Behind the scenes for the Bulldogs' back-to-back AFLW quest

If any of their rivals were hoping the Western Bulldogs would be resting on their laurels after their 2018 AFLW premiership triumph, then the daughters of the west have got some bad news: they're hungrier than ever, as ESPN discovered after attending a demanding training session with the Doggies.

It's a scorching Saturday morning at the Whitten Oval, and nearly two hours before a match simulation training session is set to take place, the "young pups" -- as they've been dubbed by the more senior members of the squad -- are on the ground kicking footballs and discussing tactics.

One of those senior players, Hannah Scott has been with the Dogs since their inaugural season, and tells ESPN that if there wasn't a shiny big trophy in the cabinet in the Whitten Oval's foyer, you wouldn't have known the Bulldogs won last year's flag, such is the attitude at 'The Kennel' in 2019.

"We had our time to really enjoy the win and celebrate, and we've really wiped the slate clean and have come into a fresh season. [The premiership win] hasn't been talked about since," Scott tells ESPN.

"And we can't really look beyond Round 1 because each round of the AFLW is so vital. If you drop Round 1, all that pressure just keeps building. We've made sure talk of the premiership hasn't filtered into 2019."

The Dogs are one team that knows first-hand how quickly things can change in the fledgling competition. After finishing sixth in the inaugural season with just two wins, the Bulldogs were the standout side in 2018, topping the ladder with five wins and two losses with a league-leading percentage of 142.5 percent.

As well as winning the premiership, forward Brooke Lochland led the league for most goals and Emma Kearney won the competition's best and fairest.

Kearney is now the captain of one of the league's newest teams, North Melbourne, while Lochland will miss the entire season with a broken leg suffered in the weeks leading up to the season.

Just like when Tayla Harris made the switch from Brisbane to Carlton ahead of the 2018 season, it illustrates just how quickly AFLW lists can turn over quality players.

"We've had quite a bit of player turnover and have quite a few new players from different backgrounds. We call them the 'young pups' as we've really got a lot of youth into the club," Scott explains.

She says there are so many variables that make it hard to predict how each team is going to perform in 2019, and that's before taking into account the two new teams, Geelong and North, and the new conference system which is set to make its debut.

"I think it also shows that we have get used to being uncomfortable," the 2018 All-Australian said of the tendency of the AFL to change the rules each year.

"I think there are so many players coming in that every game is going to have that 'new game' feel because you've never played that exact squad before.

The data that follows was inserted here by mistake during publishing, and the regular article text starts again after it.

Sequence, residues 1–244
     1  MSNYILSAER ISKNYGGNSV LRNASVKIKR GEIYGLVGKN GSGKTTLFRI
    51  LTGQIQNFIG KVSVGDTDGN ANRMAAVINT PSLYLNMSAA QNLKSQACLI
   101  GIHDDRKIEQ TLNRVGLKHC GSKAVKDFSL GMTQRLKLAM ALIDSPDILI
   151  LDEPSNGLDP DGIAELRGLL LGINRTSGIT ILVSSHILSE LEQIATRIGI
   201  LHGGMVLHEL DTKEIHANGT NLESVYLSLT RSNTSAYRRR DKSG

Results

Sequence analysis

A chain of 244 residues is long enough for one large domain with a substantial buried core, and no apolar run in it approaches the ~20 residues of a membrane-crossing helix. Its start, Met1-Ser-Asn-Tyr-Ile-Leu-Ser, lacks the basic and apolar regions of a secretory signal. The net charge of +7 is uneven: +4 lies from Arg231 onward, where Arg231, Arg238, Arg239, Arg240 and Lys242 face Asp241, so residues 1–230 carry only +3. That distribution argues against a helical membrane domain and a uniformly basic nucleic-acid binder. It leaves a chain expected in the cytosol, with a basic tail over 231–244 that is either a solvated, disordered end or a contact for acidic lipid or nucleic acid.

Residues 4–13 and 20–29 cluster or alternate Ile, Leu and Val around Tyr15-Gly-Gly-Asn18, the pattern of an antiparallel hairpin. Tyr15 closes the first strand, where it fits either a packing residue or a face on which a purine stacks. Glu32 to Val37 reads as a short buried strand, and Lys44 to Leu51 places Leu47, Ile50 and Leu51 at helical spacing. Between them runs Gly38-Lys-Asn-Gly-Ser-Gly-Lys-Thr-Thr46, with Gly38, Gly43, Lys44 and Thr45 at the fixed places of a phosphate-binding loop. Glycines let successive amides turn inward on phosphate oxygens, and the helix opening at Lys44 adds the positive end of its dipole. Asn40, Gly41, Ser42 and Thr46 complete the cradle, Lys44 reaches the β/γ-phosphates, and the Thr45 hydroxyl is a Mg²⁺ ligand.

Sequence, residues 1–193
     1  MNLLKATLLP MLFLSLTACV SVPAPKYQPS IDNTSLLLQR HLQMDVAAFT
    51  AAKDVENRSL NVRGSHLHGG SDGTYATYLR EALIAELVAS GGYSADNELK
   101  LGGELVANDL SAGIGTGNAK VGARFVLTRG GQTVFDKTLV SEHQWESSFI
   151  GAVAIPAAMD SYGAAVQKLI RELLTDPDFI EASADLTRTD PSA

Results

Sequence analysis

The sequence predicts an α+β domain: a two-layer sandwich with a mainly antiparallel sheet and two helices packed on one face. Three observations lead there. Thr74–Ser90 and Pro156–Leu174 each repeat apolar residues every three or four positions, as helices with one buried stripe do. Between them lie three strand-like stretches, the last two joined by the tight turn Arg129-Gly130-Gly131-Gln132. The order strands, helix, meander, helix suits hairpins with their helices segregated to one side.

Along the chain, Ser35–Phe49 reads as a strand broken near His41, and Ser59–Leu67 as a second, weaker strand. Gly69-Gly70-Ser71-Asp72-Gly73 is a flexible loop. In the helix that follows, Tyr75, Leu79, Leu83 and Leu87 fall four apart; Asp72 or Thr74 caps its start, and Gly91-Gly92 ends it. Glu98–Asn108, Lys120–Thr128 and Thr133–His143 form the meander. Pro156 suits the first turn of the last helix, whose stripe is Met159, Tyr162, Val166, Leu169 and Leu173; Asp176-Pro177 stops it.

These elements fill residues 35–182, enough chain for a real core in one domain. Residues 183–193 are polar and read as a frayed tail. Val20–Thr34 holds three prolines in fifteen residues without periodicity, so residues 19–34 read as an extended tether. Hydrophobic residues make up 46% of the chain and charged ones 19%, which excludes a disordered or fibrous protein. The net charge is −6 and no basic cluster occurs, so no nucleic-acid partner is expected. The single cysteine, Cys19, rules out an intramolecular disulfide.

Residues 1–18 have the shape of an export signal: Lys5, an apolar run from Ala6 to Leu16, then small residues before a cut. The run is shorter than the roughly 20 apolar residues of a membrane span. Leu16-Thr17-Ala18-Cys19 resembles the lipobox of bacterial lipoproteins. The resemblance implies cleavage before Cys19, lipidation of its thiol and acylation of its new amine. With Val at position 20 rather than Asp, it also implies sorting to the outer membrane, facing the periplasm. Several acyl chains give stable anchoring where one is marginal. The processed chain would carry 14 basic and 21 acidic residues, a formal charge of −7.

"In the men's comp, there are maybe a couple of players who move around, but in the women's comp, there are large numbers [of those who move]."

Bulldogs coach Paul Groves tells ESPN after that first season, in which there were so many unknowns, teams were able to knuckle down and emulate the men from an off-field perspective as well as on-field.

"You're always learning," he says. "I think the first season, we learned how important the fundamentals are, and we're just trying to take that to the next level now.

"Once season one was done, we then had stats we could bounce off and explore ahead of the second season, and now with the third year approaching we have even more data available and can create a game style we're really proud of."

Groves, like Scott, understands there's no room for complacency in a league which is rapidly becoming more professional.

"We finished sixth (out of eight) the first year, then we won the flag the next, so you know there's going to be a team that's going to make a similar jump because they'll have revised their program. It's a moving landscape," he says.

Meanwhile Scott says the step-up in the quality of training -- not only from the players on the field, but in terms of the preparation from the coaching and conditioning staff -- has motivated the group to want to continue to get better.

"In the first year there was so much unknown, and the programs were basically a lot of 'let's try that and see how it goes'," she says.

"Since then we've really refined training and just how we operate and you can see the amount the players have put in.

"The players get here early, they do all the extras in the areas they want to improve, and you can definitely see the improvements. You can see it all paying off."

And there's also the Katie Brennan factor. Recently named a co-captain alongside young star Ellie Blackburn, marquee player Brennan was controversially barred from last year's Grand Final as a result of the AFLW's suspension rules; the league prefers to hand out bans instead of fines considering the league's relatively low pay rates.

The sling tackle which resulted in the suspension was Brennan's second low-level offence -- something which would have netted her a $3000 fine in the AFL. Instead, it led to a one-match suspension, and the rest is history.

Groves, now into his third year as coach of the Bulldogs, tells ESPN that Brennan -- as well as the rest of the young list -- is eager to become the league's first back-to-back flag winners.

"It's really exciting to bring all the girls back [for preseason]. We're going really well and we're happy with the progress the playing group made over the VFL season."